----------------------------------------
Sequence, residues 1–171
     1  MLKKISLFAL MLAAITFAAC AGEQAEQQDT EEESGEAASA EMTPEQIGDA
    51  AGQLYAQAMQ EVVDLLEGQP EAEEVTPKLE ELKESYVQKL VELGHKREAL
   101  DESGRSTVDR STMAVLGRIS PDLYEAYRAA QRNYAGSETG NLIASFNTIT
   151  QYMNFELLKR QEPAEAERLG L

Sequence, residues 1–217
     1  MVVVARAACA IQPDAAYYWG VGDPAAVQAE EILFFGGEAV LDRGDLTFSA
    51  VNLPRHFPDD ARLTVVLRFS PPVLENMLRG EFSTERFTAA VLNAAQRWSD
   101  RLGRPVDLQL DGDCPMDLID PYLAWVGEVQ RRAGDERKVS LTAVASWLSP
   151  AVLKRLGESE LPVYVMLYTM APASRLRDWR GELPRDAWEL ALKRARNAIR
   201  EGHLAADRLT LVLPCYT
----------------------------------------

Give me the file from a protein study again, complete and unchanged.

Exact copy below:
Sequence, residues 1–171
     1  MLKKISLFAL MLAAITFAAC AGEQAEQQDT EEESGEAASA EMTPEQIGDA
    51  AGQLYAQAMQ EVVDLLEGQP EAEEVTPKLE ELKESYVQKL VELGHKREAL
   101  DESGRSTVDR STMAVLGRIS PDLYEAYRAA QRNYAGSETG NLIASFNTIT
   151  QYMNFELLKR QEPAEAERLG L

Sequence, residues 1–217
     1  MVVVARAACA IQPDAAYYWG VGDPAAVQAE EILFFGGEAV LDRGDLTFSA
    51  VNLPRHFPDD ARLTVVLRFS PPVLENMLRG EFSTERFTAA VLNAAQRWSD
   101  RLGRPVDLQL DGDCPMDLID PYLAWVGEVQ RRAGDERKVS LTAVASWLSP
   151  AVLKRLGESE LPVYVMLYTM APASRLRDWR GELPRDAWEL ALKRARNAIR
   201  EGHLAADRLT LVLPCYT